It is pretty obvious to any of you who know me that I have been deeply influenced by Anglican – Catholic tradition; I grew up after all in Oxford and only around the corner from the Cowley Fathers and a short distance from the nuns at Faircares – both Church of England religious communities.
The flow of ideas and understandings between my Reformed heritage and my deep sense of connection to my Catholic roots have produced the priest that I am; and I am grateful to both. It is therefore not surprising to realise that for me the season of Lent, and especially Holy Week, figure very prominently in my Christian year and they mould my prayer life and my understanding of who Jesus is. Every Lent I resolve to use the time as best I can to think more deeply about the faith and what it means to live out the Gospel ; I normally try my hardest to find something to read that will be a challenge and a source of comfort and hope. This is also over layered with spending time listening to sacred music of one type or another.
This year is no exception and I have recently purchased a book by Dom Timothy Radcliffe on the Stations of The Cross. Each section of the book is illustrated by the well known liturgical artist, Martin Erspamer who happens to be a Benedictine monk. Following the Gospel narrative, they enable us to pray our way and accompany Jesus on his journey from the house of Pontius Pilate to the Cross and His Tomb. The purpose of the book and what drew me to it is best explained by Radcliffe himself. He writes; “ Each Station recalls a moment when Jesus stopped. A “Station” means simply a place for stopping as a train stops in a railway station. He stops to talk to people in compassion; he stops when he falls to the groundout of exhaustion, unable to carry on; he stops at Golgotha because that is the end of the road. Jesus is close to us when we too are stopped in our tracks and wonder whether we can carry on any more. We may be halted by illness or failure, by grief or despair. But Jesus carries on, making his slow way to the Cross and to the Resurrection, and brings us with himself in hope. Let us set out.”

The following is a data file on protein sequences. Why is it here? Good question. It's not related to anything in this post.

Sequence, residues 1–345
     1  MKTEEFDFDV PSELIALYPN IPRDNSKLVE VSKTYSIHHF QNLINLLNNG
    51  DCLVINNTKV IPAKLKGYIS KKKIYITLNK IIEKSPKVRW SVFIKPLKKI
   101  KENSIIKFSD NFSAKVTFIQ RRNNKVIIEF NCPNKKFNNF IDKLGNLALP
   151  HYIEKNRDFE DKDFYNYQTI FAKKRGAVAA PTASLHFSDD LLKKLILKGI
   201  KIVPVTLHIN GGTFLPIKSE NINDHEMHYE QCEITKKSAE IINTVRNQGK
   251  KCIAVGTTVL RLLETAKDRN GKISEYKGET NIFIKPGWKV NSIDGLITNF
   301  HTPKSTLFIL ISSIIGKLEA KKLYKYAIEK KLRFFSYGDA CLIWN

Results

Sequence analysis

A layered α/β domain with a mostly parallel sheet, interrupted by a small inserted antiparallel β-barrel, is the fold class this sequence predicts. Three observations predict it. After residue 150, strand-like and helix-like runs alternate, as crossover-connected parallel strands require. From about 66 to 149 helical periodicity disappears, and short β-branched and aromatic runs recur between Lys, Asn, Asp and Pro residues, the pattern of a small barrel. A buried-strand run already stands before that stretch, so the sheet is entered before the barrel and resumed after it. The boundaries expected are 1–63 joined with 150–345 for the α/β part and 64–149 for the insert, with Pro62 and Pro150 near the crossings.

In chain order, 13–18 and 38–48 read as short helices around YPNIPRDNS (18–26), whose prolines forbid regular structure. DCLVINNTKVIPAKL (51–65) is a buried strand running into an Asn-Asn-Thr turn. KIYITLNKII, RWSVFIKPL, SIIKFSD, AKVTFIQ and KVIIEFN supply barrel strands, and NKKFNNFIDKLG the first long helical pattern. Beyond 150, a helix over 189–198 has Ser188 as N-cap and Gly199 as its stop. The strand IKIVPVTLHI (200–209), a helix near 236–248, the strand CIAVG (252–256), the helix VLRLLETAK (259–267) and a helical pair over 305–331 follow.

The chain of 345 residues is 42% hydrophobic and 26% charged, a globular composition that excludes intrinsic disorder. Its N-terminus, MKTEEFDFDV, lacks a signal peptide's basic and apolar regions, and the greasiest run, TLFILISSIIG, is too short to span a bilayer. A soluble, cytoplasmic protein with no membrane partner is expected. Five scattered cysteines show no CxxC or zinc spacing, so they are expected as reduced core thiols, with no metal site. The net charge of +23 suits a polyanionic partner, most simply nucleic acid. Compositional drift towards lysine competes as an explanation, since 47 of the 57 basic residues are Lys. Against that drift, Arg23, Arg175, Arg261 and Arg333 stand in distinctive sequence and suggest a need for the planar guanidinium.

I shall use this book every day in Lent; may I commend it to you as a daily devotion that leads us all to a deeper understanding of the mystery of Our Lord’s Passion and to the faith of a Resurrection people.
Pax et Bonum (Peace and Blessings)